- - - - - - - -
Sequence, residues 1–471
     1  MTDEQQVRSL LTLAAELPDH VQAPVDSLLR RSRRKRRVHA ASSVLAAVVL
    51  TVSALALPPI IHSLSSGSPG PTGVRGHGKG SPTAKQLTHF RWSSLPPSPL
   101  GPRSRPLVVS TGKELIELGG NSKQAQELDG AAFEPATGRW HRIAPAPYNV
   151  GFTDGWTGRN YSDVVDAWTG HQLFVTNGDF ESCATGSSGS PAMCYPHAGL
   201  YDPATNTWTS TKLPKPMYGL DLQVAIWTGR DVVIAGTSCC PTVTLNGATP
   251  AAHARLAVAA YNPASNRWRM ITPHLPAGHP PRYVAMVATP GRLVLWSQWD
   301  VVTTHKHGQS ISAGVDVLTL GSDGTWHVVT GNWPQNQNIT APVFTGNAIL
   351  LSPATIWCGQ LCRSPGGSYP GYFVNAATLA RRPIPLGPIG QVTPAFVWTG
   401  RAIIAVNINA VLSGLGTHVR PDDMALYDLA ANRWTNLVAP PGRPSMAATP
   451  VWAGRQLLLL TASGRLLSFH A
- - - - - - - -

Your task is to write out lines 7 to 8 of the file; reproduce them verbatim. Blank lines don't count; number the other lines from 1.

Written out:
   251  AAHARLAVAA YNPASNRWRM ITPHLPAGHP PRYVAMVATP GRLVLWSQWD
   301  VVTTHKHGQS ISAGVDVLTL GSDGTWHVVT GNWPQNQNIT APVFTGNAIL